The Top 3 Approaches to a Multisite Church Website

The multisite revolution is underway as more churches nationwide are choosing to launch new campuses. According to Outreach Magazine, 75 of the 100 Largest Churches in America are multisite. There are myriad reasons to explain this transition, the biggest one being the cost efficiency to broaden the church’s reach. Regardless of why, the trend continues.

The idea of “one church, multiple locations” isn’t new to the local church. In fact, it’s as old as the New Testament itself. Perhaps that’s why multisite churches baptize more people, have more volunteers, and produce more diverse communities than single-site churches.

With all the positives, having multiple sites creates unique and specific challenges for churches seeking to organize content, provide value, and accomplish missional goals with their website.

At MonkDev we help thousands of churches use technology to further the gospel. Lately, more of our clients are coming from a multisite community. We partner with these churches to help build out a web strategy that appropriately translates their organization’s mission online. (If that interests you, click here to learn about our Web Strategy Services for Churches.)

We want to spend the next few weeks exploring multisite web presence trends. We’ll unpack one example each week. This week, I’ll provide a brief outline of the specific examples we’re seeing in multisite communities.

Here they are from least common to most:

Trend #1: Universal Website – Multicampus Information

The least common method is to have a universal website representing the entire church while listing information for different campuses in the navigation. This approach works well in a densely-populated area where events throughout the week are available to all and are less “campus” dependent.

The challenge here is usability. This approach requires users to determine what context the content or events apply to. If they aren’t familiar with your community, they may choose not to participate at all.

Trend #2: Standalone Campus Websites

This method works well when one church has multiple locations with separate preaching pastors and/or leadership teams. A church can convey that, while they are bound together in mission, each location has a unique identity. Locations have greater autonomy in developing their web presence.

The challenge presented with this approach is website management. Many church teams struggle with keeping content fresh on one site. Managing multiple websites can add significant content challenges. Be sure to keep cost in mind!

Trend #3: Universal Website – Campus Select Option

This approach is the most common of the three we’ve listed. The biggest benefit here is clearly identifying your site locations and asking you user to self-identify with one of them. Teams managing the website also benefit from keeping church branding uniform. Content is managed easier with this approach, as one person can push content to multiple sites.

Conversely, if you’re not working with a CMS (a content management system like Ekklesia360) with this strategy, you run the risk of duplicating content, pages, etc.

 

Conclusion on Multisite Web Presence Strategies

Churches who choose multisite have much to think about. According to our own research, 51% of members and visitors stated the church’s website was somewhat to very important in their decision to attend the church. That number, by the way, keeps increasing.

If you’re a member of a multisite community, or even considering it, this blog series will be important for you to follow in the weeks ahead.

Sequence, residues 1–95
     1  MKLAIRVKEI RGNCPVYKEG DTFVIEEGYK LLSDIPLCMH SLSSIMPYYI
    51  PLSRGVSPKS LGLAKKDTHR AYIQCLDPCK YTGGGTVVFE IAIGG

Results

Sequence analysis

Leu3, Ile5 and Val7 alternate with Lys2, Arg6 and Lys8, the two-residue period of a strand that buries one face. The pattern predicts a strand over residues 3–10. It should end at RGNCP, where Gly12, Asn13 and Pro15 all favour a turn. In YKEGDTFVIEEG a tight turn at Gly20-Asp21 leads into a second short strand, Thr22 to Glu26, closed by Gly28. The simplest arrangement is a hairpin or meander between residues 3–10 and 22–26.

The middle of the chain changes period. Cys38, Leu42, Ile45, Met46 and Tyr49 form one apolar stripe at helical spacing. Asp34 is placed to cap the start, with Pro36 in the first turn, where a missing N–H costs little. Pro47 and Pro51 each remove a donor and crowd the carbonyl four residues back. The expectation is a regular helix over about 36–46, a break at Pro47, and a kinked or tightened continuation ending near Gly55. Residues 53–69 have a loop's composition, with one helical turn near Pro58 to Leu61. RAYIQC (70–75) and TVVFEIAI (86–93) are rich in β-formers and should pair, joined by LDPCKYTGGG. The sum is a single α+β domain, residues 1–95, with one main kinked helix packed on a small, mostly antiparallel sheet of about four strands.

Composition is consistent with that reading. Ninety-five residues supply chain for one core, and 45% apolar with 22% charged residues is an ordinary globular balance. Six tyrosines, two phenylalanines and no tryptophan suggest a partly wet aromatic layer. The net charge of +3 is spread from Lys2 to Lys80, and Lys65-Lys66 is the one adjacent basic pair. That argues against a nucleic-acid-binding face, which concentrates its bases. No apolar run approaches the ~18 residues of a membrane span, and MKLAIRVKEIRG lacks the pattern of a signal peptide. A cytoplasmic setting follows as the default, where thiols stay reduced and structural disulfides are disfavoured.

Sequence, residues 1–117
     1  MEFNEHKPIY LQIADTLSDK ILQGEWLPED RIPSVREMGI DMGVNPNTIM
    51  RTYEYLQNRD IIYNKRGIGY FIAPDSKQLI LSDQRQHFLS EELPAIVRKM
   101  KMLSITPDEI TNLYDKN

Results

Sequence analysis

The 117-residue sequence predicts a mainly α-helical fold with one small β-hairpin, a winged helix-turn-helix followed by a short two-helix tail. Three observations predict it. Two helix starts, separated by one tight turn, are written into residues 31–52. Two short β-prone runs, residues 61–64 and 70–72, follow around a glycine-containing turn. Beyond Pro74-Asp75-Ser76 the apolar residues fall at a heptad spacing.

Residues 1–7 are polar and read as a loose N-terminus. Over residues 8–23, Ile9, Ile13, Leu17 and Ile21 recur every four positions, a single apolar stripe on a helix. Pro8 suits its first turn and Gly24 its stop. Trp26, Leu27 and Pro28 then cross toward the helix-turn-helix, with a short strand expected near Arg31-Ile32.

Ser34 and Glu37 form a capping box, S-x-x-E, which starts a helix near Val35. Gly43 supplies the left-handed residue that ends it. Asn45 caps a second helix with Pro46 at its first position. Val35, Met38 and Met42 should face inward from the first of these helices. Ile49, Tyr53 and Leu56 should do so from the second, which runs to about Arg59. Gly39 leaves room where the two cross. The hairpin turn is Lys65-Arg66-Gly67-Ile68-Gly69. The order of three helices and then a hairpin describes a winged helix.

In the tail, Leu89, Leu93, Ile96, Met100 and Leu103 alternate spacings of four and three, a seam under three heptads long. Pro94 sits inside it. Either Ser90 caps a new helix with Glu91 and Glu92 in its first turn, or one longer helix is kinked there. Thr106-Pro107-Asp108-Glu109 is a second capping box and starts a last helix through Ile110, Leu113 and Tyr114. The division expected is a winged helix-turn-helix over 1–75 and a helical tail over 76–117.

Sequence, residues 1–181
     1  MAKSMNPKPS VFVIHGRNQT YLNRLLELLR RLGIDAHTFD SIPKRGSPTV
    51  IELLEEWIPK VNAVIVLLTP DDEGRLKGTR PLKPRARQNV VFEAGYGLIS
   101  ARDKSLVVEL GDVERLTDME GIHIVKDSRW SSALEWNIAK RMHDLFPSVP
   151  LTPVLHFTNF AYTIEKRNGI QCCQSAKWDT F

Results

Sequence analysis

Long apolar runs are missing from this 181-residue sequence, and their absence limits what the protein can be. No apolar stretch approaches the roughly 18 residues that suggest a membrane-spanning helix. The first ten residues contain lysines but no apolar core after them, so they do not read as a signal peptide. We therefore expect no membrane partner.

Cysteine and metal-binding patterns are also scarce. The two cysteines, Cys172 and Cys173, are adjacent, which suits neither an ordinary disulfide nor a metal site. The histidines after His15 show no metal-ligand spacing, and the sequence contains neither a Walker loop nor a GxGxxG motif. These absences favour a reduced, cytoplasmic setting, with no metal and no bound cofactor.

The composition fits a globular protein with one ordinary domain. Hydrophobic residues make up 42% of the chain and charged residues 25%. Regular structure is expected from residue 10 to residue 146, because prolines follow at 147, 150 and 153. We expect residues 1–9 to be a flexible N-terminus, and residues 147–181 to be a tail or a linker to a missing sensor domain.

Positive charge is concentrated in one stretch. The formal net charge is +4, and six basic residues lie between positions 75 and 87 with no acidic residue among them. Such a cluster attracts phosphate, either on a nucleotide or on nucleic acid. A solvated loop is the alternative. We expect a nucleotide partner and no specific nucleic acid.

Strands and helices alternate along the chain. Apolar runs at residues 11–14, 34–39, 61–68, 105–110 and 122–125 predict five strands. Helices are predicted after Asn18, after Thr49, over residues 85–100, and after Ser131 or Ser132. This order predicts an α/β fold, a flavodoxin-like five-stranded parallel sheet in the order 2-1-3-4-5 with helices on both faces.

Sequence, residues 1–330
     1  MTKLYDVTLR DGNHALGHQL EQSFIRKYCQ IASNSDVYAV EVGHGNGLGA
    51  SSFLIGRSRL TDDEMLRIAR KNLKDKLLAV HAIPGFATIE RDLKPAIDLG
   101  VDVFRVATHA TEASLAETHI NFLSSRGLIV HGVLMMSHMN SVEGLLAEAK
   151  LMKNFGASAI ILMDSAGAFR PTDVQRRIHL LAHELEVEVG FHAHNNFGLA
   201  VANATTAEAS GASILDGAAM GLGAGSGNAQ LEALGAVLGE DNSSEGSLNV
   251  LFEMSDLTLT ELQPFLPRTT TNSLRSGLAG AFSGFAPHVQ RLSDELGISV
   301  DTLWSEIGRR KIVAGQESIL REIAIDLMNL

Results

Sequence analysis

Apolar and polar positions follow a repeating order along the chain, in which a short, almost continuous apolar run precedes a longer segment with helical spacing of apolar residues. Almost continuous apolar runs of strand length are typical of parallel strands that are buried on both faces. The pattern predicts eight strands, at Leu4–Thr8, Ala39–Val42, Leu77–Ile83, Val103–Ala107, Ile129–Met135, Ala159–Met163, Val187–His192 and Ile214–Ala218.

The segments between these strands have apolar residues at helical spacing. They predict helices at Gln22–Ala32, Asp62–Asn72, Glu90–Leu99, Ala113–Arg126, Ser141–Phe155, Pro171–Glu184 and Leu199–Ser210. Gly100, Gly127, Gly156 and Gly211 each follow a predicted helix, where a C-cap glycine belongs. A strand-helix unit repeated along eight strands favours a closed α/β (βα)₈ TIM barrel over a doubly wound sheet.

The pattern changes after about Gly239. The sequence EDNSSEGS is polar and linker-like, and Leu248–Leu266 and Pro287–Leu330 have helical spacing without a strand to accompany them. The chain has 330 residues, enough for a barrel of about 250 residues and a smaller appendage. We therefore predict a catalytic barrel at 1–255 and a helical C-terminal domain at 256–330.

To begin this series, go here.

Read more from Justin here.

 

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Justin Wise

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I'm lost, to say the least! As a new pastor, taking over a newly started church I have read just about everything there is to learn what I can do to grow the church. I truly beleive that those attending our church are friendly and sincere. So that can't be the issue. I have read all the comments to this article and I feel that most churches will never have a fair chance! We are a VERY small church, so we don't have a children's church (yet). So if a family comes and gets upset that we don't have a children's church for them to put their children into, we lose! We do provide things for their kids to do during the service and even have an option for their kids to be in a different room, if they don't want their kids to sit with them. We are also such a small church that we don't have a worship team/band/etc. Our worship music comes from music videos. The congregation we do have likes it this way, but of course we would love to have a worhsip team. So, if someone comes to our church and is upset that we don't have live music, we lose! The point I am trying to make is that when people come in with preconceived ideas of what a church should be like, they will never find a church home, unless they find a church who's goal is to entertain! Every Sunday our message comes from the Bible, so that can't be a complaint for someone, so instead, people leave the church and never come back because they want more from a church: they don't want friendly people who are following the Word of God; they want a church that give them something (a babysitter for their kid, entertainment, free gifts, etc.) I'm sorry if sound cynical, I truly want everyone to hear the Good News and learn about Christ's love, but if they come in looking for something else, then the church will always lose!
 
— JAG
 
Reminds me Tony Morgan's classic post entitle “What If Target Operated Like A Church?” I wrote about this in a blog post "Is Your Church Like Target…or More Like A Mall?" https://goo.gl/2qQIy3
 
— bruceherwig
 
Challenging and very good
 
— John Gilbank
 

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